“In 1945, Hitchcock had been enlisted by his friend and patron Sidney Bernstein to help with a documentary on German wartime atrocities, based on the footage of the camps shot by British and Soviet film units. In the event, that documentary was never seen.”
A truncated version of Alfred Hitchcock’s Holocaust documentary was aired on Frontline in 1985 under the name “Memory of the Camps”, but now the restoration work on the film is nearly complete and set to be released later this year.
The film is “much more candid” than other documentaries, and Hitchcock himself was reported to have been so disturbed during production that he stayed away from his studio for a week. (Full video of “Memory of the Camps” is inside. Given the subject matter, disturbing content throughout.)
The editors Stewart McAllister (famous for his work with Humphrey Jennings) and Peter Tanner, working under advice from Hitchcock, fashioned an immensely powerful and moving film from the hours and hours of grim material at their disposal. The documentary isn’t all about death. We also see imagery of reconstruction and reconciliation. There is footage of camp inmates having their first showers and cleaning their clothes. The film-makers show the painstaking way that typhus was eradicated from the camps.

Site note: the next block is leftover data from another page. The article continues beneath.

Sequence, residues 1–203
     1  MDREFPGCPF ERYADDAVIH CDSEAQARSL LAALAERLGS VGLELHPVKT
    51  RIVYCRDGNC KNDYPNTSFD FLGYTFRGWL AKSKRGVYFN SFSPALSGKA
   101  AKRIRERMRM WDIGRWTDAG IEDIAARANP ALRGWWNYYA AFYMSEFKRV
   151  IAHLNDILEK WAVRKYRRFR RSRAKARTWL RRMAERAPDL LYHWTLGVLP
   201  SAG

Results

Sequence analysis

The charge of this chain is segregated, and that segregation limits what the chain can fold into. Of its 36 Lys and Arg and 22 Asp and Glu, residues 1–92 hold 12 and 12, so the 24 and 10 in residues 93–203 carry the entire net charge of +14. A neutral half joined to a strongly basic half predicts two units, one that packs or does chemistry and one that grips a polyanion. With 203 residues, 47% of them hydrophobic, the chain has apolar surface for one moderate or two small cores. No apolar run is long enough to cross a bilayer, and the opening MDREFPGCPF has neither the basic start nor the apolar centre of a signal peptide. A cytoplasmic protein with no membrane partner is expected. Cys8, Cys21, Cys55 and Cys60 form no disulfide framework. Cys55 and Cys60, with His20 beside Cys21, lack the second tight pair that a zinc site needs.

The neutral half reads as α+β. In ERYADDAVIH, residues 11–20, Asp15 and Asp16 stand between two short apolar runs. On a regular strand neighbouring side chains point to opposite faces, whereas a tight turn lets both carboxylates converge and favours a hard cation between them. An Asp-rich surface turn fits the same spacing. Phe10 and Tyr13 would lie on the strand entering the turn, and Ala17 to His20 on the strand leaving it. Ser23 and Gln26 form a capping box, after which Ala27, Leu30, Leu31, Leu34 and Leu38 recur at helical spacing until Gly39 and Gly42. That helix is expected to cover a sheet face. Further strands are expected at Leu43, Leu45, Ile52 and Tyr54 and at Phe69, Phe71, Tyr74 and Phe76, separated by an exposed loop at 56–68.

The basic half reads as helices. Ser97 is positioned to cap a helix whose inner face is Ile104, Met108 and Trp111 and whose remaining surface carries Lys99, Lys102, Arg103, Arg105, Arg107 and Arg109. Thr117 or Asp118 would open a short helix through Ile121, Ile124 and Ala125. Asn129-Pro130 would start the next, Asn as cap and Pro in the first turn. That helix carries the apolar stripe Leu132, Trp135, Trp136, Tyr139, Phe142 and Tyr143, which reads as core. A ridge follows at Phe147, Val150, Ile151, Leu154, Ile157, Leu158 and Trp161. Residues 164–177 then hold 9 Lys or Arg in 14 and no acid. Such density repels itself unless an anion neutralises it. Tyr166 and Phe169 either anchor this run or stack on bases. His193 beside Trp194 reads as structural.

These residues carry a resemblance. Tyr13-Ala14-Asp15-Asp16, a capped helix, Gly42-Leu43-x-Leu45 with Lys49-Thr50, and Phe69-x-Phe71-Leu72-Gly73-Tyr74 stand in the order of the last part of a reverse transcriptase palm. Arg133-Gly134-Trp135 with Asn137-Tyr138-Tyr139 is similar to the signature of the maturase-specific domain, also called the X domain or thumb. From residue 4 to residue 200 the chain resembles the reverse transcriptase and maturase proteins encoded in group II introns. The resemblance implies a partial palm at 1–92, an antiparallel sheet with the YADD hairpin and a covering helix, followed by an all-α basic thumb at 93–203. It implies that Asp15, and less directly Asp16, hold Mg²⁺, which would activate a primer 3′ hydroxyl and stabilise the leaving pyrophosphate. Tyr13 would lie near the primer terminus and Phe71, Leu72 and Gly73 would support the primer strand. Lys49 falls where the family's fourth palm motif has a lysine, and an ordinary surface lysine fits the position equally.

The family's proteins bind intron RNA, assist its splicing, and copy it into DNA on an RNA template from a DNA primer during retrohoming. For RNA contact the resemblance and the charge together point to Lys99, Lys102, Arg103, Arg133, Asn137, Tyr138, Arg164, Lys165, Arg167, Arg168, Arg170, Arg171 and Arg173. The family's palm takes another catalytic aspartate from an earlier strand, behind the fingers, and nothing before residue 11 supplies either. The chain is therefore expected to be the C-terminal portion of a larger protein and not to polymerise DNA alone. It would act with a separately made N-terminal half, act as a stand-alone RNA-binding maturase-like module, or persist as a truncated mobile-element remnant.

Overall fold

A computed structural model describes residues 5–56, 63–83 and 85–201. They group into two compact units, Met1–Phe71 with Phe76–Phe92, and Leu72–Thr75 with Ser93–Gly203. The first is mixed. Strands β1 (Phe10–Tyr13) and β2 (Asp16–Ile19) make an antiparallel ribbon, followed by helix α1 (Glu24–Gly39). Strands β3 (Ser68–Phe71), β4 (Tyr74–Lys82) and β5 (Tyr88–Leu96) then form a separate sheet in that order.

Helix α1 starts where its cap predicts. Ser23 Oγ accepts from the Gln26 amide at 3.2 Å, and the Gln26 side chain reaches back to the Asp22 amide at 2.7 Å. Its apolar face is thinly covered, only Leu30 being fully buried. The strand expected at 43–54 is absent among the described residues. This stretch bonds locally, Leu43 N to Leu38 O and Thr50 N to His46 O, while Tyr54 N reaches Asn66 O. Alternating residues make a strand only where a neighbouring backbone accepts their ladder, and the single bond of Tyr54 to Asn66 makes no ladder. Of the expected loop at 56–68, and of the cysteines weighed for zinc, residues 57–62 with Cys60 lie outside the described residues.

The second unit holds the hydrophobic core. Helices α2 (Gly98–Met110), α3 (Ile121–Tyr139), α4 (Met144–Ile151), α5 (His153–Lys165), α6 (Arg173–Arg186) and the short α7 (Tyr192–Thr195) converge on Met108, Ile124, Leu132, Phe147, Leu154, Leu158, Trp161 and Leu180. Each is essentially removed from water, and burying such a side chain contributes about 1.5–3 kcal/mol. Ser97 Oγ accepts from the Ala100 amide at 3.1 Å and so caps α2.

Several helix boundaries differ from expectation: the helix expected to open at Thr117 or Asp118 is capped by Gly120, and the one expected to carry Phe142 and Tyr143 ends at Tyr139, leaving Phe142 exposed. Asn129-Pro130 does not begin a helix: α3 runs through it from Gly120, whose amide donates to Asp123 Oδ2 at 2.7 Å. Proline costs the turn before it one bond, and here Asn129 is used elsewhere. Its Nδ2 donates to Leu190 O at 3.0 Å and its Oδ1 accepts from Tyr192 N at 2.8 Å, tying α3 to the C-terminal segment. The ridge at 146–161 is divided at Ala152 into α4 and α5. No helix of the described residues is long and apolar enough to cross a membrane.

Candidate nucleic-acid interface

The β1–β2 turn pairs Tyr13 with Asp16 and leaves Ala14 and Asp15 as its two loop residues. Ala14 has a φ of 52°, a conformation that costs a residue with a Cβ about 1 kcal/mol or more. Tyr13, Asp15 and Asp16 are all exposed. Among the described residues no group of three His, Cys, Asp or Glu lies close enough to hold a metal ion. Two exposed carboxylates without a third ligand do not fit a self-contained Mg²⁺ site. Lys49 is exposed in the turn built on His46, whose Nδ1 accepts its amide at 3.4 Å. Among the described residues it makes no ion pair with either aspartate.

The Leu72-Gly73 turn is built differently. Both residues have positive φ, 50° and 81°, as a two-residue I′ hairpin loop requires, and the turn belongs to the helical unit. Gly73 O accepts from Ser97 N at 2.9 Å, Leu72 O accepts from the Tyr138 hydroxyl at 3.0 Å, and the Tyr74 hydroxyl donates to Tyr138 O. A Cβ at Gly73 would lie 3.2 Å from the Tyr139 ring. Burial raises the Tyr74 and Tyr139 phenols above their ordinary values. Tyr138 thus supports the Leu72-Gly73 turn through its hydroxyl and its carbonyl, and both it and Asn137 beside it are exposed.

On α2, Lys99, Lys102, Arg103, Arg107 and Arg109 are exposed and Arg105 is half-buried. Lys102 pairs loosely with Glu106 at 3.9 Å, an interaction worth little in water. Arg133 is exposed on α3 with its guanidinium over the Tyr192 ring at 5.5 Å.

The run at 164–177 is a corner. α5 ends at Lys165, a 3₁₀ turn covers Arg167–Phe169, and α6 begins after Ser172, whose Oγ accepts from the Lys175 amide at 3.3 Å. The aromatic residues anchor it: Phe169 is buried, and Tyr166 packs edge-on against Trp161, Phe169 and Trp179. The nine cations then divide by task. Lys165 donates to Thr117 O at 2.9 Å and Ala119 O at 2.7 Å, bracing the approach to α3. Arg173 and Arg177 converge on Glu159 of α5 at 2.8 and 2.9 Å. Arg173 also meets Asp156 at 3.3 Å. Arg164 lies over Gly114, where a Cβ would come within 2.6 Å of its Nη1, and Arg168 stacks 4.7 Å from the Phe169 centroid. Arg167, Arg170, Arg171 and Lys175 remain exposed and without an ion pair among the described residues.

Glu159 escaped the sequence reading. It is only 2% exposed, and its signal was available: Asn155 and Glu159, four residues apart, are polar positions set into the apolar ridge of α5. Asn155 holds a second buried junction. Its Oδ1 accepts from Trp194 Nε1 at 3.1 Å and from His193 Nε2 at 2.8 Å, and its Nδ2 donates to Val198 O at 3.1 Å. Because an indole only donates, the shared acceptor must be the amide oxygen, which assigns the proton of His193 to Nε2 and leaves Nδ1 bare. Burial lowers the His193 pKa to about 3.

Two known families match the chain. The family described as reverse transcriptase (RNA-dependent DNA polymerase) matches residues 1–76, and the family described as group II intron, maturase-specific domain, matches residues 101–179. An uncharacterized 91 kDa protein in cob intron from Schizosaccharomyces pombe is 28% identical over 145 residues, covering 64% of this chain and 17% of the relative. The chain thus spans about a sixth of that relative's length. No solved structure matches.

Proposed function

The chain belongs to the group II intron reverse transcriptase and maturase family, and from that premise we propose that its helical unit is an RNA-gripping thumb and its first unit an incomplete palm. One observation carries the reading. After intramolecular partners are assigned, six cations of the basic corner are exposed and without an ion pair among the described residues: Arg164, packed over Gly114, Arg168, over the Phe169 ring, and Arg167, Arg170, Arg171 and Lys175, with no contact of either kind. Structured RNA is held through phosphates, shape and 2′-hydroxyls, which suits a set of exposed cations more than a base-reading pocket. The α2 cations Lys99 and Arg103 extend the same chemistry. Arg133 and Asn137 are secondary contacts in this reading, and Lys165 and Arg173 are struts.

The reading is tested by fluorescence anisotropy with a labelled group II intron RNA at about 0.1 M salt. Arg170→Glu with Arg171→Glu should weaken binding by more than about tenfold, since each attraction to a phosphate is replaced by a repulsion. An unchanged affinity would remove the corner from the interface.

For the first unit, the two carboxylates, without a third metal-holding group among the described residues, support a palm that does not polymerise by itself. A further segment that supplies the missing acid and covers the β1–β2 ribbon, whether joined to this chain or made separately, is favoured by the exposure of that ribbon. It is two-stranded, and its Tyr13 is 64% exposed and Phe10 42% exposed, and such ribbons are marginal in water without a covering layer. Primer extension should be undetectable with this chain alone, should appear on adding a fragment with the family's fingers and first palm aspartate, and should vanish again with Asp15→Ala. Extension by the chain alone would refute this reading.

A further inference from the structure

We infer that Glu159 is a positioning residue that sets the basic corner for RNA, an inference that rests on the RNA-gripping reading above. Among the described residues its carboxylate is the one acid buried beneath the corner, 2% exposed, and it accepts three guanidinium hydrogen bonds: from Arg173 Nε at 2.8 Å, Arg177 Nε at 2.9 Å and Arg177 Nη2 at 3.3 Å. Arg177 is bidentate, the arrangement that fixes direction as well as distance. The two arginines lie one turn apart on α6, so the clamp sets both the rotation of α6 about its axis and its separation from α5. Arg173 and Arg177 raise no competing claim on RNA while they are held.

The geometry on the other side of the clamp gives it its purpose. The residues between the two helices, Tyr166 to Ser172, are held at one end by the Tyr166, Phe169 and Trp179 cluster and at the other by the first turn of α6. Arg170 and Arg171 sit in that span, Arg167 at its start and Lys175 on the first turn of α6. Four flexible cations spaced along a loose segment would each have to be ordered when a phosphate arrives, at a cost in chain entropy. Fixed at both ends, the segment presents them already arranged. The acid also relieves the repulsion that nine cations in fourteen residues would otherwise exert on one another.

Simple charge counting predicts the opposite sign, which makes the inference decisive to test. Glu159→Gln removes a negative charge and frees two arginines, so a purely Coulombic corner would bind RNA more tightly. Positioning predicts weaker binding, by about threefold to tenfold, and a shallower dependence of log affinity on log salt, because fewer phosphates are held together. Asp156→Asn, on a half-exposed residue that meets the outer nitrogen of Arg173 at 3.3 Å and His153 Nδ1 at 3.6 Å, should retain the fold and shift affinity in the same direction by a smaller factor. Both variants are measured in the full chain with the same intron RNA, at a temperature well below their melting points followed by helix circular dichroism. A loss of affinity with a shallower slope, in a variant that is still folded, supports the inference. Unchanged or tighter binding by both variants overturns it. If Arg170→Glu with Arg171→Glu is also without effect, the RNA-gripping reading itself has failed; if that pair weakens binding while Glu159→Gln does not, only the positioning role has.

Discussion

Haggith speak of the “brilliance” of the original cameramen at the camps, who were working without direction but still had an uncanny knack for homing in on the most poignant and telling images.
“It’s both an alienating film in terms of its subject matter but also one that has a deep humanity and empathy about it,” Haggith suggests. “Rather than coming away feeling totally depressed and beaten, there are elements of hope.”